Incidence of Presumed Silicone Oil Droplets in the Vitreous Cavity After Intravitreal Bevacizumab Injection With Insulin Syringes.


Small, round clear spheres in vitreous on dilated biomicroscopic retinal examination.

Over a 14-month period involving 6632 intravitreal bevacizumab injections, 60 cases (35 [58%] women) of intravitreal silicone droplets were identified. Mean [SD] age of the patients was 80 [12] years; the population comprised 48 white, 9 Asian, and 3 Hispanic patients. The incidence of silicone oil droplet injections was 0.03% (1 of 3230) from October 2015 to April 2016 and 1.7% (59 of 3402) from May to November 2016 (Fisher exact test, P < .001; odds ratio [OR], 57; 95% CI, 9.8-2260). From May to November 2016, nonpriming the syringe before the intravitreal injection had a higher risk of intravitreal silicone oil droplets compared with priming the syringe (6.4% [47 of 739] vs 0.5% [12 of 2627]; Fisher exact test, P < .001; OR, 15.1; 95% CI, 7.9-33.4). Among the 60 cases, 41 patients (68%) were symptomatic, and the main symptom was floaters with spots of light. Among the patients with floaters, 36 (88%) improved over time (range, 2-8 months) despite the silicone droplets still being present on ophthalmoscopic examination.

A retrospective review was conducted of 60 patients who experienced intravitreal silicone oil droplets in the eye after intravitreal bevacizumab injections from a single specialist practice from October 1, 2015, to November 30, 2016. Bevacizumab, 1.25 mg/0.05 mL, was delivered in insulin syringes with a 31-gauge needle.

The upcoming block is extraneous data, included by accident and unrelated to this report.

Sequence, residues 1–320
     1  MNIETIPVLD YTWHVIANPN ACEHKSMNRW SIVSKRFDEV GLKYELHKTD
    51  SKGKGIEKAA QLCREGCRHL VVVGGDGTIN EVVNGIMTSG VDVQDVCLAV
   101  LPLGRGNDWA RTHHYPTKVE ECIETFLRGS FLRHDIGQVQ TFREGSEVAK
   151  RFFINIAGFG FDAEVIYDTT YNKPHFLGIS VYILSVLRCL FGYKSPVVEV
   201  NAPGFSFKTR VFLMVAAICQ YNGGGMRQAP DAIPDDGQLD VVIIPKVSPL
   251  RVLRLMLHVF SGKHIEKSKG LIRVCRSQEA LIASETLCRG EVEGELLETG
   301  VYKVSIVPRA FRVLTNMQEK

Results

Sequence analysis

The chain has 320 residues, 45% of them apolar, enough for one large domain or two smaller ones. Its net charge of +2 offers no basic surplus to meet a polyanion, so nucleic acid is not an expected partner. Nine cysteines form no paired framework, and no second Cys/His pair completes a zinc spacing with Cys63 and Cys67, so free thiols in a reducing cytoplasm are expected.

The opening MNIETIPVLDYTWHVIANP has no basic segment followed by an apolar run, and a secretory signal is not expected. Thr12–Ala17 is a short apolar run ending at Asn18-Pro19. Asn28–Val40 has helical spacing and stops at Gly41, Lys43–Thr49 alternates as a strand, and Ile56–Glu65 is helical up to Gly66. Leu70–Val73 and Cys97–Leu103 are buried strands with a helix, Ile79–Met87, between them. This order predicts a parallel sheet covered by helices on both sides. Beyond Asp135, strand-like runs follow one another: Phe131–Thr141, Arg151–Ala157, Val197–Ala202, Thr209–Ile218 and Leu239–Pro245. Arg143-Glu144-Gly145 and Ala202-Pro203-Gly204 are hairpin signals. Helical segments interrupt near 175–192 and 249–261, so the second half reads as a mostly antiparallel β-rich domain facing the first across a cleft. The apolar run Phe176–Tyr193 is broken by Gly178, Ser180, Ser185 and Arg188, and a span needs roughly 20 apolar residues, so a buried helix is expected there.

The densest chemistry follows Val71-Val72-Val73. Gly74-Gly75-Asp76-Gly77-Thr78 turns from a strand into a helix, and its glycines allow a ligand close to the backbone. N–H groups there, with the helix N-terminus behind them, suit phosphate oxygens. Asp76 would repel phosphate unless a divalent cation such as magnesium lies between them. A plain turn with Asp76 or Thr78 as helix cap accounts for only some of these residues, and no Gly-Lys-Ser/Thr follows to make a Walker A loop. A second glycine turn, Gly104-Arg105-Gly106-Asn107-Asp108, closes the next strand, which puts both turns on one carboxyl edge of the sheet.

An increase in intravitreal silicone oil associated with bevacizumab prepared with insulin syringes was documented. Priming the syringe before injection was associated with a lower frequency of this complication. These findings suggest that physicians should counsel their patients on the risk of floaters with intravitreal bevacizumab preloaded in insulin syringes.

Intravitreal bevacizumab is a frequently used antivascular endothelial growth factor medication in the United States, but its off-label use is associated with risks associated with the compounding preparation.

To determine the incidence of presumed silicone oil droplets after intravitreal bevacizumab was prepared in insulin syringes by a compounding pharmacy.

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